A Fisker for the rest of us?

That's what Plug In Cars is reporting, saying that the California-based maker of the really expensive Karma extended-range plug-in may start developing a lower-end model that would compete with the Chevrolet Volt.

The car would not only sell in the range of the Volt – $40,000-ish – but may be developed with a yet-to-be-named automaker partner that has a little more experience in mass-production.

The new model will be different from the Project Nina-cum-Fisker Atlantic that was originally thought to sell in the $40,000 price range and was to be built at a Delaware factory formerly occupied by General Motors. That model, which at one time was thought to start production this year, won't likely see the light of day until 2014 or 2015.

Whatever happens – and, again, these are just rumors of hints at this point – the Volt comparison is appropriate, given that Tony Posawatz, the former vehicle-line director for the Volt, replaced Tom LaSorda as Fisker's CEO in August.


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  • 20 Comments
      Marcopolo
      • 2 Years Ago
      This is a typical ABG beat up. The source of this story is an article written by Jay Cole for ' Inside EV's', a fairly obscure blog which admitted that the story had no factual basis, but was just interesting speculation. ABG, republished this article from an Eric Loveday article, which is in turn a copy of the Jay Cole story ! I may be wrong, but I think most ABG readers would find it more interesting if Danny King wrote his own critiques, rather than simply repeating the content of other articles. Sitting that issue aside, IMHO, Fisker Motors should concentrate on perfecting the Karma, ( building RHD, and convertible versions) , before embarking on any new adventures. As Peter, Spec and SVX pearlie , all point out, auto-manufacture is a very capital intensive, low profit, high risk business. Fisker Motors lack the financial or infrastructure resources to successfully compete against volume products like GM's Volt. As a specialist luxury marque, Fisker can probably survive and prosper selling vehicles to a clientele seeking something unusual and exclusive. Fisker buyers are motivated by a different ethos than purchasers of a GM's Volt or Toyota's hybrids. Fisker Motors would be better rewarded selling 4000 Sunset convertibles a year, with $40,000 profit in each, than try to compete with GM, Toyota, Ford BMW, Tesla, Nissan etc in a very competitive market sector with low margins. The Fisker Karma is potentially a great car for those buyers who appreciate it's qualities. Fisker should concentrate on improving better the Karma's reputation, in a market segment where the Karma is competitive, than diverting it's limited resources to projects which Fisker Motors has neither the capital, expertise or infrastructure to successfully complete. But, that's just my opinion.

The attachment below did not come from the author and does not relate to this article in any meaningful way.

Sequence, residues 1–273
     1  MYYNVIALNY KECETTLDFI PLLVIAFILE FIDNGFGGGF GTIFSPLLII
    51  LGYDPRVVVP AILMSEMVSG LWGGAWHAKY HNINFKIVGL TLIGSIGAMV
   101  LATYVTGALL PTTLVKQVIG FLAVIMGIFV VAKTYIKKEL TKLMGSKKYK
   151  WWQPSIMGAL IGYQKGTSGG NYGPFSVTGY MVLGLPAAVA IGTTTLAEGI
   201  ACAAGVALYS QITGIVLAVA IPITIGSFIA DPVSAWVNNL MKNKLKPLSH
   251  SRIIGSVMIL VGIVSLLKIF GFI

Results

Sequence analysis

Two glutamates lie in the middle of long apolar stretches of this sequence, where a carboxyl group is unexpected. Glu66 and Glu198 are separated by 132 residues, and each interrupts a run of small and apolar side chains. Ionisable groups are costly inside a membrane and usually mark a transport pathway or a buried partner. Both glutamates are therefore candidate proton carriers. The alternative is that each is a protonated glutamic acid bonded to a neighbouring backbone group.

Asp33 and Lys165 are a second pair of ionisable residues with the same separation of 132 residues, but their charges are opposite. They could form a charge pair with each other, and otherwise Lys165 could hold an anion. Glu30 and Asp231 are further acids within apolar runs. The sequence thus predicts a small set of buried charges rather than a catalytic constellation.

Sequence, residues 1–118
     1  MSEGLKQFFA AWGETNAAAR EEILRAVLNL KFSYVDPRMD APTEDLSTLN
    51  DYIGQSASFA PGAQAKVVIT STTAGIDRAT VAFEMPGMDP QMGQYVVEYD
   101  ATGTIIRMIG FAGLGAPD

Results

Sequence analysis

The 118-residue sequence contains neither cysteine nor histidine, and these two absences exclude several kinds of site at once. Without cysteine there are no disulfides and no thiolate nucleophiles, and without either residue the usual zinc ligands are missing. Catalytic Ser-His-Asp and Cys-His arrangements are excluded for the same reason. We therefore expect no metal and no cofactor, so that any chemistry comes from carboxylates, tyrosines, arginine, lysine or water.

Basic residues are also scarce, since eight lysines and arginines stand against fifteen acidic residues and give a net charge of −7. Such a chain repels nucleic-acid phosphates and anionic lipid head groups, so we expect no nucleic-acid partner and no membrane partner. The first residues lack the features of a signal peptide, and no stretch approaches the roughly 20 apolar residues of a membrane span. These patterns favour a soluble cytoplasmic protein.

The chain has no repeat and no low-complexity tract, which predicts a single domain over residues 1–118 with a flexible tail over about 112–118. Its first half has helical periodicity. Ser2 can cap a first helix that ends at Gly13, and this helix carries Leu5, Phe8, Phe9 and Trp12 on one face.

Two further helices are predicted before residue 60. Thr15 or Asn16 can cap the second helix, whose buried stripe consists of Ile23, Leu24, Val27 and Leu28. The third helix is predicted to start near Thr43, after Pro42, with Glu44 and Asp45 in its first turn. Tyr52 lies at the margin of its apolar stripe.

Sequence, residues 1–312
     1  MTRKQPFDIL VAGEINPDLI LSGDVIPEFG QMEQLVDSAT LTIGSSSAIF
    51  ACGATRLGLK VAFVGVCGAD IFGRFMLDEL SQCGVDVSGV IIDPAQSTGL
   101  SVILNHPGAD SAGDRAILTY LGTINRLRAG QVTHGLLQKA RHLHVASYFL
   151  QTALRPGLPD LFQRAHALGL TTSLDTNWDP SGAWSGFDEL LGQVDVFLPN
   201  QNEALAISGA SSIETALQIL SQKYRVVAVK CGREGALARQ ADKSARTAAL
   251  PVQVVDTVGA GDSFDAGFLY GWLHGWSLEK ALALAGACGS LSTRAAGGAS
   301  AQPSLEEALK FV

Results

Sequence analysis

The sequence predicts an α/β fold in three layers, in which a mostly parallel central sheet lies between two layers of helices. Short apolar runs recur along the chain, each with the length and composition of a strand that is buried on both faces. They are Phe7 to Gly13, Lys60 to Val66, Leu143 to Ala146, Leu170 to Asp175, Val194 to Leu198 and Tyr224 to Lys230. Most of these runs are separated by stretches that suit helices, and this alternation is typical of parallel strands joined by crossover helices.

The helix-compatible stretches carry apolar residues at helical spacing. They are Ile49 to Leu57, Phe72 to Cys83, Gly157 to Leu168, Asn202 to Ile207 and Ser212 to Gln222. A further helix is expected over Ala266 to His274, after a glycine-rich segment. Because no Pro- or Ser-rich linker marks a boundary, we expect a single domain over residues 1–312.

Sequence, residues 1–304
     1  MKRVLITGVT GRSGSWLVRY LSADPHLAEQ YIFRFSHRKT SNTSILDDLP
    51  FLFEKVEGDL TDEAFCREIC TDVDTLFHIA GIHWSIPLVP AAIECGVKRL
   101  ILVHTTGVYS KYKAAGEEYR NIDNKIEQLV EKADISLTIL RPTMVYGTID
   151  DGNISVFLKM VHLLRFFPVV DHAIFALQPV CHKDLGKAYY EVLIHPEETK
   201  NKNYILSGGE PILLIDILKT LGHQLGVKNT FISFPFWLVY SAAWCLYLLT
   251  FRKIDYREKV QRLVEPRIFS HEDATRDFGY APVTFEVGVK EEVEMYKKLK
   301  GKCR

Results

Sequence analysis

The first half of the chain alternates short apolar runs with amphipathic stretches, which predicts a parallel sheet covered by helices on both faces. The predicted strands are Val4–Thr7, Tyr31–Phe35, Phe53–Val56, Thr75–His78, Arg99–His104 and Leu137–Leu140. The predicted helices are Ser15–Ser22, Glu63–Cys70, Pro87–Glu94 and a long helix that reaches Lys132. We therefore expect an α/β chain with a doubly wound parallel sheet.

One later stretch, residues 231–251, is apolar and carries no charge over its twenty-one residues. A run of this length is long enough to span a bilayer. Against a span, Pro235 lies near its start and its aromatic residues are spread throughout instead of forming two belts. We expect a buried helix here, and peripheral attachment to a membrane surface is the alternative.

raktmn
      • 2 Years Ago
      I don't understand why they are pushing another new platform when they are so far from delivering the Atlantic. All it does is remind everyone how far they are behind on putting out the Atlantic.
        Giza Plateau
        • 2 Years Ago
        @raktmn
        I'm not sure that's the problem. Plans can change. I think the business viability of Fisker is far more significant and might preempt launch of any new car. Fisker seems to burn through cash at the same rate as Tesla, and that is unsustainable.
      Grendal
      • 2 Years Ago
      This article says they aren't working on anything else besides the Atlantic: http://www.topspeed.com/cars/car-news/topspeed-exclusive-fisker-clears-the-air-about-the-karma-issues-atlantic-delay-combusting-fan-future-plans-and-financial-status-ar136961.html
        Grendal
        • 2 Years Ago
        @Grendal
        The important quote: "We are looking about two to three years ahead” in terms of development, growth, and lineup expansion. Inside of these three years, the only lineup expansion that Fisker sees is the addition of the Atlantic. We grilled Mr. Ormisher on potential other models and possibly more performance-oriented variants of the Karma and he made it very clear that the Atlantic is the only future model in the works and that the Atlantic is the bread-and-butter car in Fisker’s success, but Ormisher noted that the Karma will “…remain as our halo car.”
      EZEE
      • 2 Years Ago
      Something like this would be explosive! Buahahahahahahahahahahahahahahahahahahaha..... Buahahahahahhahahahahahahahahahahahahahahahaha.....! (wipes eyes....holds side).... Buahahahahahahahahahahahahahahahaahahahhaha! In all serious (no, really), I wish them all the success in the world. The more, the better. Maybe they didn't start well, but then if the Atlantic makes it, then this? Good luck Fisker! :)